If it seems like I can be fixated on kitchen cabinets, it’s because they frequently are not on the radar screen of people trying to prepare their homes for earthquakes, but there are actually multiple ways in which they can be vulnerable. You’ve read many references in this blog to keeping the cabinet doors from swinging open and letting everything fall out, with potentially disastrous consequences, by putting quake-proof latches on the upper cabinets. I also have occasionally mentioned that quake putty can be used to stick down rarely-used expensive wine glasses in the cupboards, since even if the doors don’t open, the contents can get knocked over and fly around and break inside the closed cabinets. However, there’s another potential problem, and some of you have it in your cabinets right now!
Yep, those sturdy boards on which very heavy loads of dishes, glasses, liqueurs, etc. are sitting. Nope, I am not saying that the boards will buckle under the weight, but look for the weak link: what is holding the boards up??
In many cases, those boards are sitting on pegs that fit in holes on the inner sides of the cabinets. Multiple holes enable you to select the optimal height of the shelf. I’m not telling you anything you don’t already know... except that some of you have pegs that can spontaneously fail. Yep, it’s true!
Here’s a true story from my own condo building. It’s a modern building that was opened in 2007, good quality. The shelves are supported by plastic pieces that sound like a great idea; they are not only pegs but they include a wide flat support on which the shelf sits, and then a thin piece of plastic sticks up next to the board and around on the top, clipping it in. That not only supports the board, but also stops it from sliding around.
It turns out that it’s not as smart as it sounds. A few of my neighbors have had experiences over the last couple of years in which the plastic peg suddenly fails, shearing off where it sticks out from the hole, and people have had shelves and all of their contents spontaneously pancake down in their cupboards with a crash.
In fact, a neighbor experienced this, got a whole bunch of metal pegs, and replaced the plastic supports with the metal pegs to prevent this from happening in the future. He had a bunch left over and gave me some so that I could do the same when I managed to get around to it, to prevent this from happening to me.
Well, Mr. Preparedness here never got around to it. A few days ago, there was a clunk in the kitchen that I could not identify and I figured it was something shifting in the drying rack. Then a couple of days later, I needed to get a tall pot out of the back of the lowest shelf in one of my cabinets, and as I was pulling it out, it was scraping against the bottom of the shelf above it. Since it’s never scraped before, I was very confused, and a few seconds after I pulled out the pot, that whole shelf, supporting lots of heavy serving platters and ceramic bowls, came crashing down! It turns out that the clunk I heard before was one of the supports giving way, and the corner of the shelf falling just a tiny bit onto the pot. When I pulled out the pot, the rest of the shelf gave way. As a result, I replaced the plastic gizmos with the metal pegs for all shelves that were supporting heavy and/or breakable objects. Fortunately for me, nothing broke.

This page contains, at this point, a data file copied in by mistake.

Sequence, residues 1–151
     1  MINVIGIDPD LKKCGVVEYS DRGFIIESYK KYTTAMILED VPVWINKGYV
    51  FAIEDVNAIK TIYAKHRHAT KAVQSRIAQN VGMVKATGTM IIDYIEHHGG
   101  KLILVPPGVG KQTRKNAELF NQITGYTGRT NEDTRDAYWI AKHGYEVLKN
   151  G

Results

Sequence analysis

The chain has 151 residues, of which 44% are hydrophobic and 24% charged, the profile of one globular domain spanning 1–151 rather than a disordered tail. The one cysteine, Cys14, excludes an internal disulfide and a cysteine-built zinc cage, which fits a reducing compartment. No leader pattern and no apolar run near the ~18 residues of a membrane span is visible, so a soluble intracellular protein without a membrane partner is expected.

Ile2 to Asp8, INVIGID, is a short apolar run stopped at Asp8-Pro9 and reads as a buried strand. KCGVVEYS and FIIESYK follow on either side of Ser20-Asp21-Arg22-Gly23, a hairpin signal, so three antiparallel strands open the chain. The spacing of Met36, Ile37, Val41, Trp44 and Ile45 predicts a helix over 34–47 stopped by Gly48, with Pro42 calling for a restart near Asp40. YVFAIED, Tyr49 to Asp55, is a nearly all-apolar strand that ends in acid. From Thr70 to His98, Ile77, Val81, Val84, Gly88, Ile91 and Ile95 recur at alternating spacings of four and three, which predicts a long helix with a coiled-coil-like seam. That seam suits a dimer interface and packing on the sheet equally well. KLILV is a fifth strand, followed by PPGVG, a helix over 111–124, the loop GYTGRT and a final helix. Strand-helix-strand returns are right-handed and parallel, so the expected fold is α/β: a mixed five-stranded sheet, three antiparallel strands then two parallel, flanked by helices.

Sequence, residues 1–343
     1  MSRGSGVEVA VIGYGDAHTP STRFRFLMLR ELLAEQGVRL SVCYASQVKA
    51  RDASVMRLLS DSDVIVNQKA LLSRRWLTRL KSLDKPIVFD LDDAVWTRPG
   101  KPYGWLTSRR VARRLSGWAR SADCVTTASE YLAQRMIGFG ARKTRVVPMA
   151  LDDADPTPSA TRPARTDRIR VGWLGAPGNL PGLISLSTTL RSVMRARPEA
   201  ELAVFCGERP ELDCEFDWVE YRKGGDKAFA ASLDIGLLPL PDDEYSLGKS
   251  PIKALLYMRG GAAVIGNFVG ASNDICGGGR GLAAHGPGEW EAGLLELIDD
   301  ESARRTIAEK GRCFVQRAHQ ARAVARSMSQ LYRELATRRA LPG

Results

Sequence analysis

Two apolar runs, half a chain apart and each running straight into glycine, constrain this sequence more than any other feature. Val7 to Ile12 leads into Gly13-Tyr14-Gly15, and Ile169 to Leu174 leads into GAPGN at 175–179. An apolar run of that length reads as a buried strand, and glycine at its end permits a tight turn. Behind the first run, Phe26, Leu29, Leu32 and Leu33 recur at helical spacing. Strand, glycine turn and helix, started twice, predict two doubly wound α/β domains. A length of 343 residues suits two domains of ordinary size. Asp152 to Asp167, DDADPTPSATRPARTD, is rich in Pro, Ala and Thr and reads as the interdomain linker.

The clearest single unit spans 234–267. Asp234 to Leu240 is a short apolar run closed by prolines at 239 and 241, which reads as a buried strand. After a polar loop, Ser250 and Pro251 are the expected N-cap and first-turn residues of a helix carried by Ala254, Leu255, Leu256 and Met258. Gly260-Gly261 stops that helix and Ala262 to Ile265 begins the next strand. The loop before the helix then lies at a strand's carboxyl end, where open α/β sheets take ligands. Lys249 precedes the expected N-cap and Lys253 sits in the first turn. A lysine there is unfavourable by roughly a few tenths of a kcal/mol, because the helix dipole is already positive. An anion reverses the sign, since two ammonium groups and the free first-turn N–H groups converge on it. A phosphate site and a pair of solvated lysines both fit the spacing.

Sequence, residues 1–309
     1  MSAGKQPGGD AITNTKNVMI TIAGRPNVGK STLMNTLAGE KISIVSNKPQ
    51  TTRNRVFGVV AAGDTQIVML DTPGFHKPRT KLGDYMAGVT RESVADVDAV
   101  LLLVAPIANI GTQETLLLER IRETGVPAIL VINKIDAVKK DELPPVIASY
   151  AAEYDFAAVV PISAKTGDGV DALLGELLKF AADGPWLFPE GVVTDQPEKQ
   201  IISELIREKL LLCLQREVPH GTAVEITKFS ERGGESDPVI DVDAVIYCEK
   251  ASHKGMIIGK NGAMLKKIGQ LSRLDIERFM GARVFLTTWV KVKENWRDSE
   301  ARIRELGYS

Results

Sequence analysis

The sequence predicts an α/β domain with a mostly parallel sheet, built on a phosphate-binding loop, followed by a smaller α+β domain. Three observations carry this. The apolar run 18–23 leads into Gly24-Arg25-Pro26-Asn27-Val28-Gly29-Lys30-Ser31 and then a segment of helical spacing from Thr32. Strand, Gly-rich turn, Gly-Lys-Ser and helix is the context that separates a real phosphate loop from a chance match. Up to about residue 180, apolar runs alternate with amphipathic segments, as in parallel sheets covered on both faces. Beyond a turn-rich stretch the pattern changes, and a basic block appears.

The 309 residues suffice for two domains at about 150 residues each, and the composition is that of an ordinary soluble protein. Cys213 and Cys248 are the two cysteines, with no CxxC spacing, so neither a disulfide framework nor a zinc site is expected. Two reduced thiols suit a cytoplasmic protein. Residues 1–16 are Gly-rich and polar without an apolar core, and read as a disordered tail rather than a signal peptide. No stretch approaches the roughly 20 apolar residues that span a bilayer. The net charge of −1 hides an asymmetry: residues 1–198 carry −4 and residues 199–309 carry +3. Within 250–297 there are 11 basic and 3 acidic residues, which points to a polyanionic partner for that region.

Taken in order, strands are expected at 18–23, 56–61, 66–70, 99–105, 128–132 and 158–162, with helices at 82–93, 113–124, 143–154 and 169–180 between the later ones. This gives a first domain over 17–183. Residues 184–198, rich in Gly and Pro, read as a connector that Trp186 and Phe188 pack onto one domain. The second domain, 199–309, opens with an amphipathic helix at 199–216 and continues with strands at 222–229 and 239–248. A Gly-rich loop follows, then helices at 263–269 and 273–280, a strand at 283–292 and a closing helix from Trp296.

Ok, so anyone want to guess what this has to do with anything? Well, if everyone in my building has cabinets in which the plastic shelf supports are degrading over time to the point that they might spontaneously fail when they are not moving, what do you think is going to happen in a moderately-sized earthquake? Every shelf support that was going to spontaneously fail without an earthquake, say in the next year, is going to fail when the cabinet and contents start quaking! Cabinet doors stay closed, expensive wine glasses don’t fall over, but the shelves all pancake and everything breaks anyways.
If my kitchen has plastic shelf support pegs, some of you have the same problem in your kitchen.
You can prevent this Murphy’s Law scenario easily; just check what is supporting your shelves and if they are plastic, replace them with metal pegs before the next quake hits!
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Matt Springer has been giving presentations around San Francisco about home earthquake preparedness since 2008 (for more information about the presentation, go to his earthquake preparedness website). This blog is devoted to posts ranging from technical "how-to" articles to more philosophical "should-you" topics. New articles will be posted at most about once a month, so people who subscribe won't be subjected to lots of e-mail.